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A Dietitian’s Breakfast

“What do YOU eat?”  is a question dietitians often hear from their clients.  Although most dietitians would much rather focus on the specific goals and needs of their clients when counseling on nutrition, I do understand the question.  What clients actually want to know when they ask this is, what should THEY eat?   I make sure my clients understand that their individual dietary needs are different from any other person’s, but will usually gladly answer this question as it can only help to give more ideas on healthy foods to include in one’s own diet.

For today, we will focus on what we all know is the most important meal of the day, yet the meal that is most widely skipped.  What type of breakfast eater are you?  Research shows that people who skip breakfast take in more total calories in the day then people who eat 3 meals per day.    Why would that be?  Because when you skip breakfast, or any meal for that matter, you become much hungrier later in the day than you would if you had eaten breakfast.  Consequently you end up eating more than you otherwise would if you had a more moderate state of hunger.  Another thing that happens when you skip breakfast is that you have a much slower metabolic rate throughout  the course of the morning and possibly the rest of the day.  On the other hand, to eat breakfast gives your metabolism its very first jump start of the day and allows your rate of calorie burning to soar through the morning.  This is why many people report that when they eat breakfast, they feel hungry mid-morning, whereas if they skip breakfast they do not.  When our metabolism is burning energy at a rapid rate, we use up energy more quickly and become hungry more frequently.  Getting hungry every few hours can actually be an indication you are doing something right!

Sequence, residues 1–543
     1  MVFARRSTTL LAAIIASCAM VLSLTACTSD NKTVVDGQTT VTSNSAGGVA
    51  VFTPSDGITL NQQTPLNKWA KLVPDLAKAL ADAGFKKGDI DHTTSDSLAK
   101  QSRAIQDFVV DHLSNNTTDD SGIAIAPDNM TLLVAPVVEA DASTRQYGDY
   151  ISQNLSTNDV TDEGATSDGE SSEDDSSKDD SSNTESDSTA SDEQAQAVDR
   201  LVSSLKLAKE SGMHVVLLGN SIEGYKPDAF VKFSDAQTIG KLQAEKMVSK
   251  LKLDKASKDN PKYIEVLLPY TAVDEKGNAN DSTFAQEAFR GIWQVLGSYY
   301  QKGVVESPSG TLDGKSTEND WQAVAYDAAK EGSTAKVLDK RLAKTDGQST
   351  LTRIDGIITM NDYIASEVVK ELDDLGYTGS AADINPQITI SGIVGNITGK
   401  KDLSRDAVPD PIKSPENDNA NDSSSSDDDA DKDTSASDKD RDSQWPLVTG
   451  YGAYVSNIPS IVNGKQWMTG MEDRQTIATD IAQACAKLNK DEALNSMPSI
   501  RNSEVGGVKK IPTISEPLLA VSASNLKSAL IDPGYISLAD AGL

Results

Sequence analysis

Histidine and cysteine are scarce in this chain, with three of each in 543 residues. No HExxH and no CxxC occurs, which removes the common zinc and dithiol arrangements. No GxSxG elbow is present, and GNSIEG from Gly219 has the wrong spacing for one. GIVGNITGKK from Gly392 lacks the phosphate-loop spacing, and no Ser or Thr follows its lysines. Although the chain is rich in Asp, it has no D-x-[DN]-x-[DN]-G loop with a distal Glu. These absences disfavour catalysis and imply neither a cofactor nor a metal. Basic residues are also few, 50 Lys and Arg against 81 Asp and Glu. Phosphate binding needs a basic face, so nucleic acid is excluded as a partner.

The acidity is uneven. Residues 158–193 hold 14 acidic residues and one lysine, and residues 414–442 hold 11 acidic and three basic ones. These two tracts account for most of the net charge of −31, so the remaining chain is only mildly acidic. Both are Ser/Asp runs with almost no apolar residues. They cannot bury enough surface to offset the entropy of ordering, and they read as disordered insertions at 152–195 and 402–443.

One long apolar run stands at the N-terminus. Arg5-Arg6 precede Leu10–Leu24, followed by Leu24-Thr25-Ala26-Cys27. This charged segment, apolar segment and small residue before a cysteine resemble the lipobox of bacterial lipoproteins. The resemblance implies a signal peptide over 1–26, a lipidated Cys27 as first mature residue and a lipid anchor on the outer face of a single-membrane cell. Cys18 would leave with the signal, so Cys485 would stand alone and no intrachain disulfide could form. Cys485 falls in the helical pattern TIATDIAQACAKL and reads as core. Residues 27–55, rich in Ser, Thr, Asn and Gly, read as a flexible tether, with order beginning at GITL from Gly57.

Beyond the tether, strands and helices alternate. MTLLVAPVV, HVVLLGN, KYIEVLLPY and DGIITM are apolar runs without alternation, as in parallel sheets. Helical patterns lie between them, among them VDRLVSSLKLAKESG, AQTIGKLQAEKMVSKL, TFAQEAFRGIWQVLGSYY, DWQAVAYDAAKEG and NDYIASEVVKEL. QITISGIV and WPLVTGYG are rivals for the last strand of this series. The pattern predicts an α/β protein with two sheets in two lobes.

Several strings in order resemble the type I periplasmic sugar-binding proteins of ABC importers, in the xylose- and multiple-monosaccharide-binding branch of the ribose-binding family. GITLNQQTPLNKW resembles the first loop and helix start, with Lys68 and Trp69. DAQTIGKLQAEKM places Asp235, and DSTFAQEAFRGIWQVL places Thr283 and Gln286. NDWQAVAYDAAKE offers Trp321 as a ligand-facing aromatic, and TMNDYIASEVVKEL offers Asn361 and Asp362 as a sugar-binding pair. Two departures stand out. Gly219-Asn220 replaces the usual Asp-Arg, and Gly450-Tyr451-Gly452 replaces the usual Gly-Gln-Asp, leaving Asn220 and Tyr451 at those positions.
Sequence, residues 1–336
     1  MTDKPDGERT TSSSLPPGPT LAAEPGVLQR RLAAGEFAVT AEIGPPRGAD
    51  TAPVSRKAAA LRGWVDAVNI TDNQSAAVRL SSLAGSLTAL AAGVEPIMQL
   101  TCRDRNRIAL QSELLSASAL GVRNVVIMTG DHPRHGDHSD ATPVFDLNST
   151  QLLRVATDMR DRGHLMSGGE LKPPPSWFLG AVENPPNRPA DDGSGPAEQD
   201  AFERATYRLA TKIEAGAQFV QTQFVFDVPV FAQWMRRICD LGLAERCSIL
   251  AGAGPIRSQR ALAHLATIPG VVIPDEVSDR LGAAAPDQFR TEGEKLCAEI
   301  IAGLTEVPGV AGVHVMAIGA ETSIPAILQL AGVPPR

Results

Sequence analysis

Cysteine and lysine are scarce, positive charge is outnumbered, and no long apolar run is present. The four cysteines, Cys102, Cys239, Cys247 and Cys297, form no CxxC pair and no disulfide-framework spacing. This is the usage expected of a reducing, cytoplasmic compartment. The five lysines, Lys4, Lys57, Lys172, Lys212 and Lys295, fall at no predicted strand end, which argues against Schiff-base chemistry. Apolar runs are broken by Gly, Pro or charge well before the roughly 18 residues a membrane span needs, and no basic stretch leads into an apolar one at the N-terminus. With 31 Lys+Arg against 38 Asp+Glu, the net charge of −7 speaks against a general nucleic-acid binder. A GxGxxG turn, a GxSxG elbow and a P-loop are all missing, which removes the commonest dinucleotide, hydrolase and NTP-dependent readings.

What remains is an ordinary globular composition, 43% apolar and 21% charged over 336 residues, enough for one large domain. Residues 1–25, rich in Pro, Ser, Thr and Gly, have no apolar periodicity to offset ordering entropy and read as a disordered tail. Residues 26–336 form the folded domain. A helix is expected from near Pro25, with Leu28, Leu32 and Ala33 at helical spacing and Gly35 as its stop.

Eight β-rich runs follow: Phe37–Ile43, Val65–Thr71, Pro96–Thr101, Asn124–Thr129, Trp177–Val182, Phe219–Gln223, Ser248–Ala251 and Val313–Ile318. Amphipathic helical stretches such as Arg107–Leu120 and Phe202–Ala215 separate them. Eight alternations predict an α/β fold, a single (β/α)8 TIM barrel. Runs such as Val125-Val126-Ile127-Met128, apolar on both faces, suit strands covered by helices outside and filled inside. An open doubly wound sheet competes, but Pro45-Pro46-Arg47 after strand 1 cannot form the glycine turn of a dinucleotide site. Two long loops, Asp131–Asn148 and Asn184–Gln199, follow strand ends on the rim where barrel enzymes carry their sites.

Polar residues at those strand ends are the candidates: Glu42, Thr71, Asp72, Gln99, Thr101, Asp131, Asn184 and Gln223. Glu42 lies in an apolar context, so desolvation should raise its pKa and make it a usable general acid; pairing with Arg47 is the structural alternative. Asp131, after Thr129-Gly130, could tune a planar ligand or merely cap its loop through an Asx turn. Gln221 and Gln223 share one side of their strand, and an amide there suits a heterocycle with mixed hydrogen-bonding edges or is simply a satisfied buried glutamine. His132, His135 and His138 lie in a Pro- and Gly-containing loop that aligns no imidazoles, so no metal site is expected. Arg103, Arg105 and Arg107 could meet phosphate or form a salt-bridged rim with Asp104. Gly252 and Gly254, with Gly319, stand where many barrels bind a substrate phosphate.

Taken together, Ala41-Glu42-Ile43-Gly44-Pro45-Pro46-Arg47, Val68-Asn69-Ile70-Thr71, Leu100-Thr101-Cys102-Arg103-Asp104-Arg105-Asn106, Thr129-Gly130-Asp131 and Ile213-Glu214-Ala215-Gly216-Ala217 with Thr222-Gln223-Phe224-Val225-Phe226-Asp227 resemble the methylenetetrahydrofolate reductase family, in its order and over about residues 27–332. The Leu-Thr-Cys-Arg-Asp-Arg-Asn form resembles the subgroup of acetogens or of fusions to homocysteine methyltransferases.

Those who are not used to eating breakfast often find it difficult to start.  So, what’s the point anyway?  Well, people who eat a morning meal also have more energy throughout the day and improved concentration and productivity.  They generally have a better attitude,  feel less stressed,  and perform better on tasks that require memory.  Breakfast also benefits your physical health, improving your cholesterol level, and helps you lose weight by boosting your metabolism and helping to prevent you from making bad food choices during the day.  It is also one of the best opportunities in the whole day to get calcium, a nutrient that is especially important for women, as yogurt and milk are common breakfast foods.

So, what do people generally eat for breakfast?  The U.S. Department of Agriculture reports that:
• 22 percent of adults eat bread, bagels, English muffins, or similar items for breakfast
• 17 percent eat cold cereal
• 15 percent eat eggs
• 15 percent eat pastries and/or coffee or a soft drink
• 6 percent eat just fruit or juice
• 4 percent eat hot cereal
• 17 percent eat nothing


Although studies have shown it’s more important THAT you eat breakfast than WHAT you eat, it will be to your greatest benefit to emphasize certain nutrients and avoid others.

  • Must have:  Carbohydrate – provides energy, found in grains, fruit, milk, and yogurt
  • Don’t Forget:  Protein – makes your energy last, found in milk and meat products
  • Also Include:  Fiber – fills you up so you don’t eat as many total calories, found in whole grains, fruits, and vegetables
  • And Finally:  Multivitamin – because if you take it in the morning you don’t have to worry about forgetting to take it the rest of the day!
  • Forget about:  Too much fat or grease, found in full-fat meat and dairy products such as regular sausage, bacon, and cheese
  • Steer Clear of:  Too much sugar, found in doughnuts, many muffins, and many breakfast cereals

So, how do you include carbohydrate, protein, and fiber into your breakfast without too much fat or sugar?  Try one of the 5 favorite breakfasts that THIS dietitian eats:



1.  Oatmeal with flaxseed and berries + egg

  • Use old-fashioned or steel cut oats, try ½ cup dry for women and ¾ dry for men. –Stir in 1 Tbsp ground flaxseed before cooking according to package directions
  • While oats & flaxseed are cooking, cook 1 egg (add 1-2 additional egg whites, if desired) in a non-stick pan coated in cooking spray.